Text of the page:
Photography Wednesday – 7

 

This was taken at Comicpalooza here in Houston. It was part of a scavenger hunt that was hosted by a vendor. I took this photo as a promo for the Vendor Geek Life. Check them out!

P.S. It’ll be a bit skimpy on content for the next few weeks as I assimilate into my new job as a Business Assistant.

Photography Wednesday – 7

 

 

These lovely dolls were taken at an antique store in the Heights, they were the most creepy dolls I could find.  Just click the pictures for a larger view. I’m trying to set up something where I’ll be able to sell them online.  I know they’re grainy, they were taken on my phone (I seem to keep forgetting to take my camera), but I hope you enjoy their creepieness!

Photography Wednesday – 6

This is the newest edition to the menagerie of birds that frequent our feeder.  He’s a brand new baby Cardnial…I know he doesn’t look like a baby, but he is, his parents were not too far away, keeping a weary eye out for the monster that is my cat.  I am worried about him though, he’s not afraid of us humans.

Photography Wednesday – 5

It All Started with a Drawing #2

Rosary: n. A set of prayers common in the Roman Catholic Church, said during meditation on events in the lives of Jesus and Mary, the mother of Jesus.  A rosary is also the string of beads that the worshiper uses to count the prayers. From dictionary.com

I guess its no surprise to most who read this blog that I like to work with my hands.  Its something I find very cathartic, and use my “skills” to help relieve stress from the day.  One of my most favorite hobbies is to create jewelry.  I’m not the greatest jewelry maker in the world, but I do like to test my skills by creating things I see in my head.  Right now, I’m looking for some thin but good quality black and white PVC fabric (I may use canvas as a cheaper alternative for now) to create a cuff bracelet idea that you can alternate between the colors.  I don’t know if it’ll work, but I did get the idea from a post on these wonderful shoes Nubby Twiglet wore.

Anyway, I do like to create different types of jewelry, but what introduced me to the whole jewelry making idea was something I had hanging on my wall since my 15th birthday…a rosary.  One night, not feeling well, I was lying on my bed looking at my rosaries, they were swaying in the breeze created by my fan when I noticed something…they were handmade!  Not only handmade but they were made using tools and supplies I could find at Hobby Lobby!  Off to the internets I went, doing research on how I could create something that has given me comfort for a long while.  So once the research was done, and my shift at Hobby Lobby started the next day, I went and got 59 beads, a package of 100 silver plated brass eye pins, some cheap-o Hobby Lobby brand mini tool set (I DO NOT RECOMMEND THESE) and went to work.  After about three days of trial and error, I had come out with my first rosary, pictured in the Photography Challeng Day 20 – Bokeh.  I’m still very proud of my rosary, because I had offers to purchase it for someone’s use, but sadly, I did not take them on that offer, the rosary is kind of like a store’s first dollar bill, it is something to display, not to be put back in the till for later use.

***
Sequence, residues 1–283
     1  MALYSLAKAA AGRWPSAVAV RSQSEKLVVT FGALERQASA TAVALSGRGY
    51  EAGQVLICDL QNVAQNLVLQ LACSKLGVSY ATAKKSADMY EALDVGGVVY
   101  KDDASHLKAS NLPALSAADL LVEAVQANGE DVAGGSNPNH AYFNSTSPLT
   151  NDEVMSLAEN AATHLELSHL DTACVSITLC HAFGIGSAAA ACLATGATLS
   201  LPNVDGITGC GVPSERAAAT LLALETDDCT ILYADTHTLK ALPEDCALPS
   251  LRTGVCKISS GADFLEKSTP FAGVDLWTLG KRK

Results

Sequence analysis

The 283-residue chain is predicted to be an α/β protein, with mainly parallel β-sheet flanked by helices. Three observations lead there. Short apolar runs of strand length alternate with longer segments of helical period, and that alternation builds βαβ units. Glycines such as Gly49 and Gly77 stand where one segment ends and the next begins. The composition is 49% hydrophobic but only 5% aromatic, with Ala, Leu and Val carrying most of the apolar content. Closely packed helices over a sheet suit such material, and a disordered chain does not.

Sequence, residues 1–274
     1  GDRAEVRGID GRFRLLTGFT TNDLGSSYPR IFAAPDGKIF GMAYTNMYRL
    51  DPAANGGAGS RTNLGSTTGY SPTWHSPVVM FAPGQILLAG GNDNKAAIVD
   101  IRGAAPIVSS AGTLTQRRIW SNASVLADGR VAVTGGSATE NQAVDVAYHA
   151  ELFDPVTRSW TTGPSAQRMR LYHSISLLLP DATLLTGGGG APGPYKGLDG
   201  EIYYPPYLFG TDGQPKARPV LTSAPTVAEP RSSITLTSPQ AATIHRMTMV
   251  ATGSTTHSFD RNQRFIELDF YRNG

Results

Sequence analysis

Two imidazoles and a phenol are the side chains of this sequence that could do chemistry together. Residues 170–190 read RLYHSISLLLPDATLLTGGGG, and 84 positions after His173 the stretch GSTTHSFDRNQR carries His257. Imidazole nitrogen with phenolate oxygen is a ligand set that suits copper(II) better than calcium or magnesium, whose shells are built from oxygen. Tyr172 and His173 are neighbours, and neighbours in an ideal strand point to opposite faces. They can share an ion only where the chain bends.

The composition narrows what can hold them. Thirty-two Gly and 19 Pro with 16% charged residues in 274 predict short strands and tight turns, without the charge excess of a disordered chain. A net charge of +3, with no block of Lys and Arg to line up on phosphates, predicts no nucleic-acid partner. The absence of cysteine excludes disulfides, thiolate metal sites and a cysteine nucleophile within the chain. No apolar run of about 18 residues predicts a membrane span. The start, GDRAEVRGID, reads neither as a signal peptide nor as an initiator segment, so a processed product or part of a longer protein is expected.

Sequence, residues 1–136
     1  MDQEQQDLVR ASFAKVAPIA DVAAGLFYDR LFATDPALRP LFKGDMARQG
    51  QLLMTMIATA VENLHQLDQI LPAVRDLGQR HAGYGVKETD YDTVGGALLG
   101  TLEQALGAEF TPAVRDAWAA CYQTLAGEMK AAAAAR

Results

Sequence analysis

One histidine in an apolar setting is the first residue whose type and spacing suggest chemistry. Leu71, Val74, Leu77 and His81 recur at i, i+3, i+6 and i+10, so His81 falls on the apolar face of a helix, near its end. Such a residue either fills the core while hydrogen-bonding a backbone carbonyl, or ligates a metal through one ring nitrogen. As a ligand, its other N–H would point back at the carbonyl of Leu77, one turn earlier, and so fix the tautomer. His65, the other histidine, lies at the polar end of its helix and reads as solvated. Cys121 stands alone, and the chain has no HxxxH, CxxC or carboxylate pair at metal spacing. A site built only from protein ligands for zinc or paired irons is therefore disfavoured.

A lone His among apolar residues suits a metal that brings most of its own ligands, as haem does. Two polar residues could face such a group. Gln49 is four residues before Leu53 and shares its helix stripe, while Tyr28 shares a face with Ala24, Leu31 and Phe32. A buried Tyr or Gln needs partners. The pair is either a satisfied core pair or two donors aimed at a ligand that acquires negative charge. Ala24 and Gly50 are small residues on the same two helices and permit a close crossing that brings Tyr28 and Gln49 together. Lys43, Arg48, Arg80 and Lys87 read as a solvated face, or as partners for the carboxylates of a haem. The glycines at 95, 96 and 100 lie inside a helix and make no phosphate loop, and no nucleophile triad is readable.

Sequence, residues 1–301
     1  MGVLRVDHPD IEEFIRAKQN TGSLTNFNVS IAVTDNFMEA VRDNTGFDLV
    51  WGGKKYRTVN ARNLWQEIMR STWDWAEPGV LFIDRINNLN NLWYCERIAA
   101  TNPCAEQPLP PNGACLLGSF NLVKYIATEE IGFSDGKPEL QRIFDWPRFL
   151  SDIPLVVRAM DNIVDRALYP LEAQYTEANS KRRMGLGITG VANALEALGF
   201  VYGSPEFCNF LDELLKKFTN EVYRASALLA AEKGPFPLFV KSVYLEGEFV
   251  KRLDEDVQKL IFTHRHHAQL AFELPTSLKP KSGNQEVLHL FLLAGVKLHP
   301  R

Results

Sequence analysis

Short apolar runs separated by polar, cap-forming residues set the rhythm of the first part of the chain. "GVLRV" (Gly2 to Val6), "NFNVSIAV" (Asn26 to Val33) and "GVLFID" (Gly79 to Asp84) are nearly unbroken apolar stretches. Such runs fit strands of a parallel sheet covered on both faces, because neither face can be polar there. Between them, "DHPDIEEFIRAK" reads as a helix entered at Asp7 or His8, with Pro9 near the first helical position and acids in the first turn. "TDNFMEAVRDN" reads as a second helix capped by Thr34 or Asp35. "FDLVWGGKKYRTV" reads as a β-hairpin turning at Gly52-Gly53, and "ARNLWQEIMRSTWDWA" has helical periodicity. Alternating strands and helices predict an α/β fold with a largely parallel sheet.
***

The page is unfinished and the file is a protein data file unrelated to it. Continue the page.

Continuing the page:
Anyway, at Christmas, my cousin had told us that she decided to go ahead and have a Quinceñera.  While we were excited, I knew that the daunting task of being the madrina of the rosary fell to me.  Right then and there I KNEW this wouldn’t be an ordinary Rosary.

  • A good description of a Mexican styled Quinceñera can be found here at Wikipedia.
  • A good example of being a Padrino/Madrina can be found here at Yahoo Answers.

So to repeat a phrase that has been used in my blog before, “it all started with a drawing.” and below is a sketch I made when I found out that her Quinceñera was going to have a star and spring theme with her chosen color as purple.

When I decided to work on her rosary, I knew I wanted to use flower and star beads as part of the design, since this was a special day; I wanted to incorporate her theme into her design.  The flowers represent springtime and I originally wanted to do pastel pinks, oranges, blues, greens and purples to represent the theme of spring and use purple stars in the mix, but once I looked at that price! I had to go back to the drawing board (in total I was going to be using 112 beads!!!).  So I settled on her color purple: purple flowers, and purple stars.  The 53 flowers are the Hail Mary prayer beads, and the stars are the Our Father prayer/ Mystery meditation beads.   Now, I did want to use gunmetal or dark green findings but I couldn’t find colors that fit and those findings were more expensive than the ones I normally use so I decided to use silver findings instead.